The Revolving Door: Why Former Legislators Embrace Lobbying Roles

The Revolving Door: Why Former Legislators Embrace Lobbying Roles

By ALEX ADESEYE | October 19, 2017

During the past couple years, several members of Congress have resigned, lost, or announced plans to leave their roles to become lobbyists. Some were even setting plans with prospective employers prior to leaving, with the potential to command premiums of $100,000 more than regular lobbyists. To it into perspective, over 140 former members of the U.S. House are thought to have lobbied Congress for bills between 2011 and 2014. So, what exactly is going on?

In his American Politics Research article, “A Very Particular Set of Skills: Former Legislator Traits and Revolving Door Lobbying in Congress,” Todd Makse offers evidence that former members of Congress become some of the most influential lobbyists concerning the passage of bills. Senior officials like party leaders and members of key committees are among those most likely to become lobbyists and make greater impacts on bills.

In his research, Makse focused on members of the House who served between 1972 and 2010, then later served in lobbying capacities in the 112th and 113th Congresses. Lobbying efforts by former members are associated with greater odds of bill advancement through both chambers of Congress. So, the question remains: does the presence of former members of Congress lobbying on a bill strengthen the bill’s potential for enactment? Well, it depends.

The report examined the impact of former members-turned-lobbyists on the legislative process, using two traits: network positions and legislative effectiveness. These legislative traits indicate which members of Congress will go through the “revolving door” into lobbying roles. Strong connections and potential of influence often directly benefit lobbying firms and other entities. A lobbyist’s goal is to promote or deny passage of a bill, depending on the bill’s specific subject matter and the actual companies or interest groups involved in the legislative process.

However, network positions appear to hold less significance than legislative effectiveness. Legislative effectiveness refers to how successful members of Congress are at moving measures through the legislative process. This quality often requires knowledge, experience, and skills that likely carry over from Congress into lobbying capacities, among former legislators. However, the value of network positions weakens over time, even as this trait likely captures other personal qualities of a given former legislator, such as character, networking skills, and public opinions.

According to Makse’s report, there was little evidence that former members-turned-lobbyists, who have more central network positions, make bigger impacts on bill progress than those with peripheral positions. Yet, a bill is more likely to pass at least one chamber of Congress if there are more former members lobbying for the bill. Former members who were highly effective legislators have the greatest impacts on bill passage through its first couple stages. In fact, highly effective legislators have 1.23 times higher odds of positively impacting bill passage per individual.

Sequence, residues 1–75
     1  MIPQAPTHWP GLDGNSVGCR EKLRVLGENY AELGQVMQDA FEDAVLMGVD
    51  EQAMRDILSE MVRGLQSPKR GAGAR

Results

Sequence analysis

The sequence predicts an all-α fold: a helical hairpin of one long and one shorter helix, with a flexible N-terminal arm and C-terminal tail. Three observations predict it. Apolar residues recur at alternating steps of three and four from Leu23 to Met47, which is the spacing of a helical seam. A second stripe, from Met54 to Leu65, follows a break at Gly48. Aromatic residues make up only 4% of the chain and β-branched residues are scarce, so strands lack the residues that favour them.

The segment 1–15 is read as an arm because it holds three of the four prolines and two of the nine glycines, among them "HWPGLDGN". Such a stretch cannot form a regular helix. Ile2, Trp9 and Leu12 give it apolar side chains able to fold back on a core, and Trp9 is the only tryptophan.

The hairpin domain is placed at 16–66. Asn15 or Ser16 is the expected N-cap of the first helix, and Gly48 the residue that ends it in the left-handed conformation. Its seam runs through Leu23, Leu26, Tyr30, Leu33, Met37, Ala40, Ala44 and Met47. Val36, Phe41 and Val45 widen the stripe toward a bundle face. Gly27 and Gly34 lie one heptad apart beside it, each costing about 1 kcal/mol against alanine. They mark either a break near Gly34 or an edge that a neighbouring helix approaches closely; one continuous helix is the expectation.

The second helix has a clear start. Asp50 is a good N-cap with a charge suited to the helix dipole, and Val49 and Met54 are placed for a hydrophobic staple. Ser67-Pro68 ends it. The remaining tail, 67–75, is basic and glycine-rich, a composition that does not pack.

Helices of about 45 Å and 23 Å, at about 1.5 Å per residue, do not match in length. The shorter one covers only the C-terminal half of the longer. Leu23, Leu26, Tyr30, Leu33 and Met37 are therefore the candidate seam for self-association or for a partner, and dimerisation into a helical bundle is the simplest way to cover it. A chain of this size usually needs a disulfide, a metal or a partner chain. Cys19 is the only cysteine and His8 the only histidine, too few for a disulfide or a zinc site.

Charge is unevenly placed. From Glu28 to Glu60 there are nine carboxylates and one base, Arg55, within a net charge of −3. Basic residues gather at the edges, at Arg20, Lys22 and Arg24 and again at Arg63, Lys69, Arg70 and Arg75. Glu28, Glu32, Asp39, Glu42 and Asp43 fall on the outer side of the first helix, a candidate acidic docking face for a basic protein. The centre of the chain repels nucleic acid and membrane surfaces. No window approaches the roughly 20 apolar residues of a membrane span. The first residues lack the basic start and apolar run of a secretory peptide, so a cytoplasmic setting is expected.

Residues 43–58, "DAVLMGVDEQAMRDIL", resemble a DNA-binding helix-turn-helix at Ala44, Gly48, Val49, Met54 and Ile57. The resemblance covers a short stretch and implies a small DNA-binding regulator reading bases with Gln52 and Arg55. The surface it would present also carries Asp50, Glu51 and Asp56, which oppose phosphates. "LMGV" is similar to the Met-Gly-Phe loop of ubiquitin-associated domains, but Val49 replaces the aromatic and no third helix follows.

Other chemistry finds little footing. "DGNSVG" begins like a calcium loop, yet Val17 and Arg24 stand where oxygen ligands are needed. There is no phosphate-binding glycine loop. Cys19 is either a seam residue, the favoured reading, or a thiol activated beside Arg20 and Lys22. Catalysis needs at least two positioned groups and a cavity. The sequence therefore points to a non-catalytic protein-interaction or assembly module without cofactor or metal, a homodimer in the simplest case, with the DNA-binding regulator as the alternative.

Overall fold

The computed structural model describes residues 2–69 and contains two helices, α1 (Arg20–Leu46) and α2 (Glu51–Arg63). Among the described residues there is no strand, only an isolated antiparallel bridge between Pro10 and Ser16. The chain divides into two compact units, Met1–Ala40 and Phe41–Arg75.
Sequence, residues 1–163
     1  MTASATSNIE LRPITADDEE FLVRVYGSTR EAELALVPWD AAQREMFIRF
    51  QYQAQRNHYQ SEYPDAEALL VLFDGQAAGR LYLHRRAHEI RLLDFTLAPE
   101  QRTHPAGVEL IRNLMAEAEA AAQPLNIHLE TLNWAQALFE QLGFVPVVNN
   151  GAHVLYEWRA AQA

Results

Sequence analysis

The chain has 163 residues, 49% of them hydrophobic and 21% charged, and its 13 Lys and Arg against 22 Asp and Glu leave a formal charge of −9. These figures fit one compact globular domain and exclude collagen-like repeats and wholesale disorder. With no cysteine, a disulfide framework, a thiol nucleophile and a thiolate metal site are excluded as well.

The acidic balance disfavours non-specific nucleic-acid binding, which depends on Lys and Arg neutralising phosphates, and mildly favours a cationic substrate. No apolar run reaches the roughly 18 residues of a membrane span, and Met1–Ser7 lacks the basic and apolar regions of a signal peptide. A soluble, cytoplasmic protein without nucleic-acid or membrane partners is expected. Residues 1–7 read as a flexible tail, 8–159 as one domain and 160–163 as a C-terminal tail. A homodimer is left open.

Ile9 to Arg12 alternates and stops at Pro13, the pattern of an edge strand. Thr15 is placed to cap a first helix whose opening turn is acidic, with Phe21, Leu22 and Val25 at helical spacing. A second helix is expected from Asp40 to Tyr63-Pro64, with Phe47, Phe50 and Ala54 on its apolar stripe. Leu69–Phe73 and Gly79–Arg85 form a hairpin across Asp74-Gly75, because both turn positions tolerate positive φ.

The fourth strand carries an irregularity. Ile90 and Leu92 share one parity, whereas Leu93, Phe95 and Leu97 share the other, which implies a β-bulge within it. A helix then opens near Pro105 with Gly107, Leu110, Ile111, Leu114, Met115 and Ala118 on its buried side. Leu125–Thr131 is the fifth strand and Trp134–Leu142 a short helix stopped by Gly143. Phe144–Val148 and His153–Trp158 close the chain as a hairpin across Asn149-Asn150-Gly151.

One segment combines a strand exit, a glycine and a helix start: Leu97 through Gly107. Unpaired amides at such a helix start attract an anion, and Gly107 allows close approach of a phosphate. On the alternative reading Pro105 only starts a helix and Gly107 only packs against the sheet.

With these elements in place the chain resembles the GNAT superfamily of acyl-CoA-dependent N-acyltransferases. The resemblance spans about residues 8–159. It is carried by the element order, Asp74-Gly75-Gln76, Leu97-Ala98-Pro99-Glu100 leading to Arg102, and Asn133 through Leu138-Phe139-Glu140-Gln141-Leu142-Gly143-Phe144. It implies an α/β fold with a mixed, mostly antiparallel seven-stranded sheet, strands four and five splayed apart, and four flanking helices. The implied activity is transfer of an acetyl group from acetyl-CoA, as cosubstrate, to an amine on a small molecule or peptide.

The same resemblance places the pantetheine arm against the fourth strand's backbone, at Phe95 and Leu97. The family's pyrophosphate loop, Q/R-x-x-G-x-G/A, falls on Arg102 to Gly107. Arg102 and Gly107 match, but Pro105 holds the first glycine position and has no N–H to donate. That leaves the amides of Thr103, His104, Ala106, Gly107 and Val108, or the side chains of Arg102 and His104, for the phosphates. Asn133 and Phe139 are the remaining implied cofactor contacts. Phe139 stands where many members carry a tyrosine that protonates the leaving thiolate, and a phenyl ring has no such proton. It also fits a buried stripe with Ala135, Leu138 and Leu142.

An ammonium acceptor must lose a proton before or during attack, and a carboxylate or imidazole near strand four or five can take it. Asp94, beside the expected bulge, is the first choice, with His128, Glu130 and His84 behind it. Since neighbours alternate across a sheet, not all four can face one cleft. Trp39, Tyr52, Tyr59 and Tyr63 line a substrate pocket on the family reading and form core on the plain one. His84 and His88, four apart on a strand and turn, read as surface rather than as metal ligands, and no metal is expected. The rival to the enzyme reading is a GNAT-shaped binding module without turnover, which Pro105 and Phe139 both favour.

The implications of the study are yet to be seen. The influence of former members of Congress on bill passage, through lobbying roles, is not necessarily unusual. The interplay between political interest groups, coalitions, market players, and government entities has become commonplace in the policymaking process. Those who stand to gain or lose from legislation play key roles to satisfy their own bases and agendas by pushing for various causes.

Among the most recent are big tech companies like Google, Facebook, and Amazon. Robert McChesney, communications professor at the University of Illinois, says that the current state of the economy is intrinsically linked to such tech giants, especially with advances in automation and machine-learning technology. Yet, as powerful businesses seek to maximize their market shares and profits, they often further turn the tide of public opinion.

American voters and consumers are increasingly becoming aware of fake news, exploited personal information, and scandals within both business and government. With the loud echoes of political disillusionment, social inequality, threats of economic stagnation, environmental concerns, and job loss, the private abuse of the public interest is a looming concern for many Americans.

A few lobbying reform bills were passed since the 1990s to mitigate potential harms from lobbying practices. The Lobbying Disclosure Act of 1995, which sought to bring accountability and transparency to federal lobbying, was amended by the Honest Leadership and Open Government Act of 2007. This later bill strengthened public disclosure statutes and even restrictions on members of Congress and staff.

However, as various players in Washington employ more effective lobbying strategies, demand and incentive to hire former successful legislators for lobbying purposes will increase. Makse’s research may even influence new perspectives about the potential links between specific business sectors or interest groups, and former members of Congress. For those former legislators who were most effective in Congress, the potential for influence on new legislation grows as they join the lobbying arena.

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